The euro dipped to a two-week low after the European Central Bank signaled an increase in monetary stimulus to prop up a flagging economy. Exchange traded fund currency traders can also hedge against further weakness through inverse strategies.
Currency traders who are looking to profit off any potential weakness in the EUR ahead can utilize inverse euro-currency ETF options. For example, the ProShares Short Euro (NYSEArca: EUFX) provides 100% of the inverse or opposite return on the U.S. dollar price of the euro. The ProShares UltraShort Euro (NYSEArca: EUO) provides 200% of the inverse return of the U.S. dollar price of the euro. Lastly, the Market Vectors Double Short Euro ETN (NYSEArca: DRR) also provides a -200% exposure to the euro.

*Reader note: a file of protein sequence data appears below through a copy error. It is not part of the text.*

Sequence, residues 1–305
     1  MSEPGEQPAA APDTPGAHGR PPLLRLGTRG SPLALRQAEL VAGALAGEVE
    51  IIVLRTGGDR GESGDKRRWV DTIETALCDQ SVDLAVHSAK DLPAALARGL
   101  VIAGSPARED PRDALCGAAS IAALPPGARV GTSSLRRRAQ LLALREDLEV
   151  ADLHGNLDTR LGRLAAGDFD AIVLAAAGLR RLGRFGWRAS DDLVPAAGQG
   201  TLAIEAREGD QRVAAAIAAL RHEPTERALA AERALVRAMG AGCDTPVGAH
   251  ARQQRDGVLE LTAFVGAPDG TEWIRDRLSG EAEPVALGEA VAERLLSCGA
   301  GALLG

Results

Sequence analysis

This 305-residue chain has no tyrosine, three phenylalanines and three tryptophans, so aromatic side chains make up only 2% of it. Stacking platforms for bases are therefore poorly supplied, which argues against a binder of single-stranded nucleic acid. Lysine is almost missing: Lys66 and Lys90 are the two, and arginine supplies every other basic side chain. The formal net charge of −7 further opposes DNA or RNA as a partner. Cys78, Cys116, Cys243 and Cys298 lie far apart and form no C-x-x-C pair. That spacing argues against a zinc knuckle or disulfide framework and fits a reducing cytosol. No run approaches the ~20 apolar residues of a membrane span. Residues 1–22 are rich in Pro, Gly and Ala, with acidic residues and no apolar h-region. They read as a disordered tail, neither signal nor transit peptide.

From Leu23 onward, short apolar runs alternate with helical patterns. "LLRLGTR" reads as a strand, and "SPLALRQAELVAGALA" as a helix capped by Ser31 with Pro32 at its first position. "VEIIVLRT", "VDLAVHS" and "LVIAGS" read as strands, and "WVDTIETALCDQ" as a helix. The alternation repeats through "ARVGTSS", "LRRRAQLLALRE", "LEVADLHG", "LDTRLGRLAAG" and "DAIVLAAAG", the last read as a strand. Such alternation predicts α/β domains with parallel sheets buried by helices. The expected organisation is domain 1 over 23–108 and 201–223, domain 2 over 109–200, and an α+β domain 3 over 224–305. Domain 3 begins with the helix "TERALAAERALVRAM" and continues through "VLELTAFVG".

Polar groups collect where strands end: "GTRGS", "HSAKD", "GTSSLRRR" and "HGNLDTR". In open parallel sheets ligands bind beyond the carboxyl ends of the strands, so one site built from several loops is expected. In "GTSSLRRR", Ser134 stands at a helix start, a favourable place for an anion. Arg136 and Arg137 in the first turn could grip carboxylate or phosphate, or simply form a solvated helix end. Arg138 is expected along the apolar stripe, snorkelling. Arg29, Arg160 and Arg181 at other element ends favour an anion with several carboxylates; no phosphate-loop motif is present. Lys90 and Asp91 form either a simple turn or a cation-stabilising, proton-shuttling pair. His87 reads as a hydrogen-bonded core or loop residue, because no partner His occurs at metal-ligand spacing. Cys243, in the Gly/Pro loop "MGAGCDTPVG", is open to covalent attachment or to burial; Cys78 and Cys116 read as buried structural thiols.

While the CurrencyShares Euro Currency Trust (NYSEArca: FXE) dipped 0.9% Thursday, EUFX gained 0.9% on about 34 times its normal volume. Additionally, EUO rose 1.8% and DRR increased 2.2%.
The euro depreciated 0.9% and now trades about 1.1125 to the U.S. Dollar. The EUR touched a low of $1.1107 earlier Thursday, its weakest level since August 20, reports Chiara Albanese for the Wall Street Journal.
The Eurozone currency was weakening after the European Central Bank stated that it will adjust the parameters of its bond-buying program, raising the limit on quantitative easing to 33% from 25%, reports Eshe Nelson for Bloomberg.
“Dovish Draghi taking markets by surprise,” Valentin Marinov, head of Group-of-10 currency research at Credit Agricole SA’s corporate and investment-banking unit, told Bloomberg. Policy makers are “highlighting that they can adjust the size of QE if needed and finally signal that September 2016 may not be the end of QE.”